Published Online June 2015 in SciRes.
We may experience strong moral outrage when we read a news headline that describes a prohibited action, but when we gain additional information by reading the main news story, do our emotional experiences change at all, and if they do in what way do they change? In a single online study with 80 participants the aim was to examine the extent to which emotional experiences (disgust, anger) and moral judgments track changes in information about a moral scenario. The evidence from the present study suggests that we systematically adjust our moral judgments and our emotional experiences as a result of exposure to further information about the morally dubious action referred to in a moral scenario. More specifically, the way in which we adjust our moral judgments and emotions appears to be based on information signalling whether a morally dubious act is permitted or prohibited.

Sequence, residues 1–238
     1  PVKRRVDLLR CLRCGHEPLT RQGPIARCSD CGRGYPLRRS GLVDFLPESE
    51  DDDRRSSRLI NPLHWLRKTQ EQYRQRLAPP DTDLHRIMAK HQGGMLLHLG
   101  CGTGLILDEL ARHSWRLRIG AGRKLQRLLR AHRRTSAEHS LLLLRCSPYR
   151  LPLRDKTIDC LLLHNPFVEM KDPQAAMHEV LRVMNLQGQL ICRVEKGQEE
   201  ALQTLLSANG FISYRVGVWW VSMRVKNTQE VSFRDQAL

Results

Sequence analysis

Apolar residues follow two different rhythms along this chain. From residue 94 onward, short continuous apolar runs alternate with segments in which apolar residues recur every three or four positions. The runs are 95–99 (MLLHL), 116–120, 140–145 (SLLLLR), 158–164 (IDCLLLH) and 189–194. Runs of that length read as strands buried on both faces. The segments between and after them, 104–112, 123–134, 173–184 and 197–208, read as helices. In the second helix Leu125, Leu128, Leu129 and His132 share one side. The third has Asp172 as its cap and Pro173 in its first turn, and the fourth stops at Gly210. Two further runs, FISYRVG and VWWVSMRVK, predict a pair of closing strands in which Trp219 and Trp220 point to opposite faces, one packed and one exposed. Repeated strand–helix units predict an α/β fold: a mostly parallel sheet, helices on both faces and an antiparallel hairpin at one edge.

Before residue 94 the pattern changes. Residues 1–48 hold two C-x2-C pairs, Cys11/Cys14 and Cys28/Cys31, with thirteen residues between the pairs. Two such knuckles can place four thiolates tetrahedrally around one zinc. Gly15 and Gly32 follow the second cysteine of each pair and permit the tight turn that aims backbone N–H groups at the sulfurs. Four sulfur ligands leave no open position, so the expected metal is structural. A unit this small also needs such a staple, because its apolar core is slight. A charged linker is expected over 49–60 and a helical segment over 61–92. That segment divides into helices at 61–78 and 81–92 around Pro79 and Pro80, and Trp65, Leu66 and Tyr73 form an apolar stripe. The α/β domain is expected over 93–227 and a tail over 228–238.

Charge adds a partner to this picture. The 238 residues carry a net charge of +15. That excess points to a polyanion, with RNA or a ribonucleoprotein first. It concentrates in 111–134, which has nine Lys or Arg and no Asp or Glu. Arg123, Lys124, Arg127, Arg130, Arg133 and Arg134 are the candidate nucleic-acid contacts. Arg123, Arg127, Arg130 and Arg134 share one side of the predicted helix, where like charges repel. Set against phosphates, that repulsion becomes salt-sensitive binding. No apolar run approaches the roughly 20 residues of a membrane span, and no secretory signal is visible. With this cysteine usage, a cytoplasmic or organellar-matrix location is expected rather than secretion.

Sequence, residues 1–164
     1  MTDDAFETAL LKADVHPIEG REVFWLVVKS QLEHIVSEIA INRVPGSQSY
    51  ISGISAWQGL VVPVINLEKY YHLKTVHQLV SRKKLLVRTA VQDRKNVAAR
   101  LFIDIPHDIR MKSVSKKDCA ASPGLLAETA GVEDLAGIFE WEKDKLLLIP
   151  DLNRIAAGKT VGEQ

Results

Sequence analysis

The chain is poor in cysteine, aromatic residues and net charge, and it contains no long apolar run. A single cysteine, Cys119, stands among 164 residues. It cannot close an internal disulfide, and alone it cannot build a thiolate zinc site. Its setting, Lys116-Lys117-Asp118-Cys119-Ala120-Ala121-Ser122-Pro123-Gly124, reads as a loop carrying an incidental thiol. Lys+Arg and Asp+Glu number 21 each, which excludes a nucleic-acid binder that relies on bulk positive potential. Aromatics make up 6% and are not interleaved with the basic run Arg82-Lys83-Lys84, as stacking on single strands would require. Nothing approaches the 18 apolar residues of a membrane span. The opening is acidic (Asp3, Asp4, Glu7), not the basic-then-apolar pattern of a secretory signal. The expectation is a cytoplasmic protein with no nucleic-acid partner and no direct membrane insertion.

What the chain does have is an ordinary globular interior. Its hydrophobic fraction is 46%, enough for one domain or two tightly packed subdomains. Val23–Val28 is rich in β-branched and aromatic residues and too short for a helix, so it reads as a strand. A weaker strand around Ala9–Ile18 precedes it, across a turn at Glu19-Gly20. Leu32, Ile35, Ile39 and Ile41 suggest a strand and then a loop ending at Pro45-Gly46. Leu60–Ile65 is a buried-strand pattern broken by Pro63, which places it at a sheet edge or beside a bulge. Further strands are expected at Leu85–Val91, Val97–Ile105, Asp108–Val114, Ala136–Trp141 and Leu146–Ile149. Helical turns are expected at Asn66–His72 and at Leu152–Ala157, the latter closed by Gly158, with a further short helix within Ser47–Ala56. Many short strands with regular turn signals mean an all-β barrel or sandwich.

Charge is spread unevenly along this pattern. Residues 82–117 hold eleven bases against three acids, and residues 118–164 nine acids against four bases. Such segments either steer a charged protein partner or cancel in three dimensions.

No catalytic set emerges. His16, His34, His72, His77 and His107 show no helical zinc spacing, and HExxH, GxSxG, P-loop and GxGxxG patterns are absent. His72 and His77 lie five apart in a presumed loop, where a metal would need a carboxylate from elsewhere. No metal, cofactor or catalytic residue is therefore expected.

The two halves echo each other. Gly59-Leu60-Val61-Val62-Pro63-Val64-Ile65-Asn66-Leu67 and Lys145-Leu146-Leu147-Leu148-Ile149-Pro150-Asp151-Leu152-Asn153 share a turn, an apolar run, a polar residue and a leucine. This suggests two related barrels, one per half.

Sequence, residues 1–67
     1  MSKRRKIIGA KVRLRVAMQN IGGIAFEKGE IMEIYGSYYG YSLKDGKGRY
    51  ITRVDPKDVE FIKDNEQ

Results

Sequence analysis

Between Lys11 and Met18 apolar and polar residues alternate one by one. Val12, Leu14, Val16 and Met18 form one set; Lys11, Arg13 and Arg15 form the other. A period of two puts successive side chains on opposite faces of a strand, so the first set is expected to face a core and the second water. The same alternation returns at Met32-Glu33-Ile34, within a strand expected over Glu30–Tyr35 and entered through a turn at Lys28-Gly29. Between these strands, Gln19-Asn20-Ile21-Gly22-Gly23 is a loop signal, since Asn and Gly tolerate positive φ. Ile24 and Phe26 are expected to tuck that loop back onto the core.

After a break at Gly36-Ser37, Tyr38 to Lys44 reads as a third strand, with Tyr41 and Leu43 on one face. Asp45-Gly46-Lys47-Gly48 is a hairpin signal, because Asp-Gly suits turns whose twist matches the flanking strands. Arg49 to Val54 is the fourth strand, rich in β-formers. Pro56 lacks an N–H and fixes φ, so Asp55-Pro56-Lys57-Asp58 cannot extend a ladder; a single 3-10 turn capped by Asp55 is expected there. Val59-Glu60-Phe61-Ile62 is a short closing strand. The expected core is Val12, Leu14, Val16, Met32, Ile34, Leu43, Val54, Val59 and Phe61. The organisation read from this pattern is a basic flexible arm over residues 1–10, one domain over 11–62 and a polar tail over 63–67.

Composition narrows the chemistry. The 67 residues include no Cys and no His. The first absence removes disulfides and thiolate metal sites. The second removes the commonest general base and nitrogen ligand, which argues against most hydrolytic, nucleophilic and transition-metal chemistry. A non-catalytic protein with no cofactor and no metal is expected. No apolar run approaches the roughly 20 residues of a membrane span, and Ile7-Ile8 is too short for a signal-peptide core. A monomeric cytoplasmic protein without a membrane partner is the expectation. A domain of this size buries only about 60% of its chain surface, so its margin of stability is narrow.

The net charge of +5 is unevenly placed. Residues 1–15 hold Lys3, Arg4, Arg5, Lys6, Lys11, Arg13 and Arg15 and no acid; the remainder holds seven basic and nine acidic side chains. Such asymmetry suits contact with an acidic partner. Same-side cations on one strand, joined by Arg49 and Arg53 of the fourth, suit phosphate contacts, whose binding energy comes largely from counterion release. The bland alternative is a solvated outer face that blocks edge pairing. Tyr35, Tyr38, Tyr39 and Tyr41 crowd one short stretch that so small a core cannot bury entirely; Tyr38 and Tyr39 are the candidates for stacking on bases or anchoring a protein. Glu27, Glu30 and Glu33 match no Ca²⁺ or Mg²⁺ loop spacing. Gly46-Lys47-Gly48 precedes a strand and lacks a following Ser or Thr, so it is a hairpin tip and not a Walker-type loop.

From the Discussion
The present study showed that moral judgments changed in response to different details concerning the moral scenarios, and while participants gave the most severe judgments for the initial limited information regarding the scenario (i.e. the headline), they adjusted the severity of their judgments downwards as more information was provided (i.e. main story, conclusion). In other words, when context was provided for why a morally dubious action was carried out, people used this to inform their later judgments and consciously integrated this new information into their judgments of the action. Crucially, this reflects the fact that judgments and emotions are not fixed, and that they are likely to operate on rational processes (Huebner, 2011, 2014; Teper et al., 2015). More to the point, this evidence suggests that there may well be an integrated representation of the moral scenario that is based on informational content as well as personal emotional experiences that signal the valance on which the information should be judged. The evidence from the present study suggests that both moral judgments and emotional experiences change systematically in response to changes in information that critically concern the way in which a morally dubious action should be evaluated.
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